Raj picked up another thread. He referred to the advance ruling given to Hatsun Agro Product Ltd by AAR, Karnataka where serving of ice cream in this manner in their outlets was treated as a service and the authority ruled that it will be a supply of service and will attract 2.5% CGST and 2.5% SGST, a total of 5% only. - 2019-TIOL-370-AAR-GST

Not to be left behind, Yash reminded the cashier of another advance ruling given by the Telangana State Authority for another supplier of ice creams to the effect that supply of ice cream served in a parlour with or without adding ingredients like fruits or topping sauces according to the customers taste, will be supply of 'service' and will attract 2.5% CGST and 2.5% is SGST. It held that such ice cream parlours will be 'eating joints'. - 2020-TIOL-111-AAR-GST - Sri Venkateshwara Agencies)

Raj and Yash thought that that these two rulings, given by eminent authorities in two different States, will turn the table against the cashier. But the cashier refused to budge.

He quipped - One expert like you, last week, asked the same thing and when I referred that to the GST inspector he told me not to be misguided by those rulings! That the only final authority to listen to is the CBIC and none else! In fact, the Inspector advised me to play 'safe'.

Yash wanted to know what Hatsun Agro (supra) will charge at Bangalore now in view of this circular. One of the customers who was following this drama, remarked - "They will charge 5% at Bangalore and for the same ice cream, 18% at Chennai."

I screamed - "Is it not One nation One tax?'', the GST tagline.

The cashier fell silent. To pull him out of this predicament and to give him some solace, I decided to look at the same issue from another angle. I asked Raj "Even if it is a composite supply what you finally get here is ice cream to eat."

Then I added, "All these preparations are fine; but finally do you eat the 'service' or you eat the ice cream."

Yash replied, "of course, ice cream"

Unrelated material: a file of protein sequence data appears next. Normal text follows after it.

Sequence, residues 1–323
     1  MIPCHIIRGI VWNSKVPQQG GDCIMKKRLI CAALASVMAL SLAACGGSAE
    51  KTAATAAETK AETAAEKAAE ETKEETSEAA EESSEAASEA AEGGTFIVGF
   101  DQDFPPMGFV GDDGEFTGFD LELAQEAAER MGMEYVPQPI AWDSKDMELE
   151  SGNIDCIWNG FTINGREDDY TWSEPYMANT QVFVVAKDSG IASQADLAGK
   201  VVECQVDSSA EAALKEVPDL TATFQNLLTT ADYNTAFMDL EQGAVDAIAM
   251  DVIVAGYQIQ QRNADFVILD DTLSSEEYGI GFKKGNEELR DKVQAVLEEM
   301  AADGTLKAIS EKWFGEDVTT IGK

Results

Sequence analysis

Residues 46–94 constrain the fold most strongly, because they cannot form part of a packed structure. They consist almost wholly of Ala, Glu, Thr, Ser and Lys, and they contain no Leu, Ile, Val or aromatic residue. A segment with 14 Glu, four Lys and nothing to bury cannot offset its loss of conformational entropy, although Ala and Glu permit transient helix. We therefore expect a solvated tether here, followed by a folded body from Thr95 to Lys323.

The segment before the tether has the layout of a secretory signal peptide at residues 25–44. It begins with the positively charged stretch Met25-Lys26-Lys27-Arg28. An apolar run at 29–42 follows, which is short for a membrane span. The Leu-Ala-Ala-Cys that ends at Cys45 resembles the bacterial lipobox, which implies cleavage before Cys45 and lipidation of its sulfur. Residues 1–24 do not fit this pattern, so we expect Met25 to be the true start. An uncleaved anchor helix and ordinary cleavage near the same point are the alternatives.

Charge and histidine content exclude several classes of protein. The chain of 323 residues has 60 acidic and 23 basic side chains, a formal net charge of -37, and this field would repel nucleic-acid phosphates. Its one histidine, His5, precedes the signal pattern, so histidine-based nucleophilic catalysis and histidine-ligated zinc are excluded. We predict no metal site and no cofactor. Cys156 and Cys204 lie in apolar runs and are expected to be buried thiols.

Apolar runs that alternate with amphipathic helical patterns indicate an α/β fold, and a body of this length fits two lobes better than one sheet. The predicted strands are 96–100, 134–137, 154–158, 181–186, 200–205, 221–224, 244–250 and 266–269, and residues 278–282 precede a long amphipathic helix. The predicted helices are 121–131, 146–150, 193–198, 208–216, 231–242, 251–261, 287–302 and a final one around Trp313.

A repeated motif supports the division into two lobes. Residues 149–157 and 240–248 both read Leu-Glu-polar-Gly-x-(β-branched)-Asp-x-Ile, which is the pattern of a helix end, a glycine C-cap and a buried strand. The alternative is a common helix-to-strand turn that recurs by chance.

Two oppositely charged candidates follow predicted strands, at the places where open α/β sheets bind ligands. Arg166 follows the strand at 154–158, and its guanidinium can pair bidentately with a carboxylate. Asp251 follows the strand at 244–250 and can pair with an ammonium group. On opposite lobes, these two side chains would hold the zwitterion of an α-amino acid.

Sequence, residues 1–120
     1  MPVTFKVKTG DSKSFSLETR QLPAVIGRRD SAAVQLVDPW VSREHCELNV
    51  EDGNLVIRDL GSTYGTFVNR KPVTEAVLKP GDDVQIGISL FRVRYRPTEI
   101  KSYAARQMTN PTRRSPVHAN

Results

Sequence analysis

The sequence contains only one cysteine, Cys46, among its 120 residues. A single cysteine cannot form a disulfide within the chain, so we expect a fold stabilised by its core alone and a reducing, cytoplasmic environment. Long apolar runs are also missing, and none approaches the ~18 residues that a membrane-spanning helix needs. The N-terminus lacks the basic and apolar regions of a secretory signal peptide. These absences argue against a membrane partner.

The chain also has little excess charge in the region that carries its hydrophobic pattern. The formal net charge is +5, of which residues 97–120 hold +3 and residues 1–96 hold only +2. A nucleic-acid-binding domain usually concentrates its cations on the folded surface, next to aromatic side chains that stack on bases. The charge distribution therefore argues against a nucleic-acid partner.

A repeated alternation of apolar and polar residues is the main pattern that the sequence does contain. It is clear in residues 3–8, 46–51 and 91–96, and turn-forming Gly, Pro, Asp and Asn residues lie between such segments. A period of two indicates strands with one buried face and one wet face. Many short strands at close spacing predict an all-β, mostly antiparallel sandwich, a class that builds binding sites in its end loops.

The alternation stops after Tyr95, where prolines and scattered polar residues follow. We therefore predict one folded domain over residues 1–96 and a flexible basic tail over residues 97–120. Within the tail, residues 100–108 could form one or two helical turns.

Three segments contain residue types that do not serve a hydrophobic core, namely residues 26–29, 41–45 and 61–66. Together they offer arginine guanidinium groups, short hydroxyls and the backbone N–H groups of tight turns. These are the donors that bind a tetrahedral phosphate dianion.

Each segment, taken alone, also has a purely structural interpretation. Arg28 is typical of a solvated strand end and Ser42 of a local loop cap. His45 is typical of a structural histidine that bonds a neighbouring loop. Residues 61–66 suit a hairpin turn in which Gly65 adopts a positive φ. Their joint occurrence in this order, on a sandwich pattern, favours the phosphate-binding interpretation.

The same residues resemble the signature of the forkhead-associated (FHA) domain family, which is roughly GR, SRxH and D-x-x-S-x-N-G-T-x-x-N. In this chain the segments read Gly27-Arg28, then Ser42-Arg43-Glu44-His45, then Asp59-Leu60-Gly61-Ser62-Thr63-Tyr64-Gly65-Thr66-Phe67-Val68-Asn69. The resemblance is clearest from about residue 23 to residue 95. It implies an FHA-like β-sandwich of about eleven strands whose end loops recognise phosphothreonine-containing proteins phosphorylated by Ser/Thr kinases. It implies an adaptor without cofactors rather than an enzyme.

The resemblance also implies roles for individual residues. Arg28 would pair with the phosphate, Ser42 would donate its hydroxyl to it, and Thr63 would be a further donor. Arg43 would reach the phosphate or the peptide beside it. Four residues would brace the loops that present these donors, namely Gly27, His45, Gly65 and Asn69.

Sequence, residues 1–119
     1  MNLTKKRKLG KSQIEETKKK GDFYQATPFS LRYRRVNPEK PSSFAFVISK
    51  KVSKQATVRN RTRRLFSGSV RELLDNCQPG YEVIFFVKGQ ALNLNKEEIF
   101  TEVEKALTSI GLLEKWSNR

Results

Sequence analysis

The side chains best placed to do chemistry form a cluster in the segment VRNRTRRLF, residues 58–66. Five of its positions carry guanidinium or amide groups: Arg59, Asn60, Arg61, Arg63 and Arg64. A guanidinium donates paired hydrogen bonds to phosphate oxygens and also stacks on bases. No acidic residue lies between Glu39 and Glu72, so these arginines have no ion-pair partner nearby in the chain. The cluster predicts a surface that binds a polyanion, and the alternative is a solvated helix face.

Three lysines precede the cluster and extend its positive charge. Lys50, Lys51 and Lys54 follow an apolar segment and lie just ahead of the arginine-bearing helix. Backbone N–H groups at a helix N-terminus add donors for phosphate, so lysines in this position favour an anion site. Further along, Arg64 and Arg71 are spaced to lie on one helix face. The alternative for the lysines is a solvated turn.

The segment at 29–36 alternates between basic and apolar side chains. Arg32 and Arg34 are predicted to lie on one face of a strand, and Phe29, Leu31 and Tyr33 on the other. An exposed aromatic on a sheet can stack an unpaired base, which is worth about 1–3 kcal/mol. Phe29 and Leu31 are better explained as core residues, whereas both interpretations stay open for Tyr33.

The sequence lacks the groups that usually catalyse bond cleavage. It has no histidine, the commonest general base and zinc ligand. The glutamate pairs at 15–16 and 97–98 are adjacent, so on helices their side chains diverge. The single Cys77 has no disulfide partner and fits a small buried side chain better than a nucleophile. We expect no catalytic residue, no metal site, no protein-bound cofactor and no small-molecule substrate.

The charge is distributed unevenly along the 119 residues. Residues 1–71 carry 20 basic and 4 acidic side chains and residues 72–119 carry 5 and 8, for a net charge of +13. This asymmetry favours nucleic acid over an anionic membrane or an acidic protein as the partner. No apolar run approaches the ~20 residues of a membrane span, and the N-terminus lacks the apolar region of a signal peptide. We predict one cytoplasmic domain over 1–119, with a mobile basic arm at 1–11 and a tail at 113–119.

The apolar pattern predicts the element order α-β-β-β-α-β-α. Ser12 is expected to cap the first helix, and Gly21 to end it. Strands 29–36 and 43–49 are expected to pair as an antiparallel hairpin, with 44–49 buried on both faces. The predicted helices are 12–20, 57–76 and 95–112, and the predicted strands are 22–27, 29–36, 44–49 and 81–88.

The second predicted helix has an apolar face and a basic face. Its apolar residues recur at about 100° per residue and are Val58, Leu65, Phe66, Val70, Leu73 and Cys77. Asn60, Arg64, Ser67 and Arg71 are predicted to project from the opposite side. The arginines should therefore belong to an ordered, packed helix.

I added, "so the essential character to the supply is given by ice cream, which is a commodity and, therefore, by applying the composite supply rule and the 'principal supply' logic, the supply is to be treated as supply of "goods".

The cashier was thrilled. At least, there is someone to support him.

Yash was not ready to give up. He added, "Then by the same logic, what you get in a restaurant also should be goods and not service. But they are always treated as service and charged at 5%."

Look Yash, I go to a hotel to eat 'Idli' tossed in 'hot sambar' and not for sitting on a chair and bath myself by cool air. Those are incidental. Finally, what I eat is their food and not their service.

There was an angry look from Yash - he said - "You mean to say that there also, they should charge 18%? But Government intends to treat them as 'services' only".

Raj added, "In a restaurant, several ingredients may be added and food may be cooked and prepared but as a customer what I am interested is not in the process of cooking/preparing but in the ultimate edible product and which is a commodity".

This brought us back to the fundamental question. After doing away with Excise law relating to manufacture and Service Tax law relating to services, why are we still grappling with the definitions of what is a 'service' and what are 'goods'? A million-dollar question.

In the meantime, Raj grabbed the bill from my hand and quietly chose to pay the same as our ice creams were being 'prepared'. We selected a corner table and in a few minutes the concoctions appeared.

I tasted a spoonful.

It was a little bitter.

Whether it was because of excess chocolate sauce or because of excess tax, I was not able to tell!

Perhaps, I need to consume more of the delectable dish rather than jumping the gun and arriving at a hasty decision.

[The views expressed are strictly personal. The characters in the article are all real but with names changed.]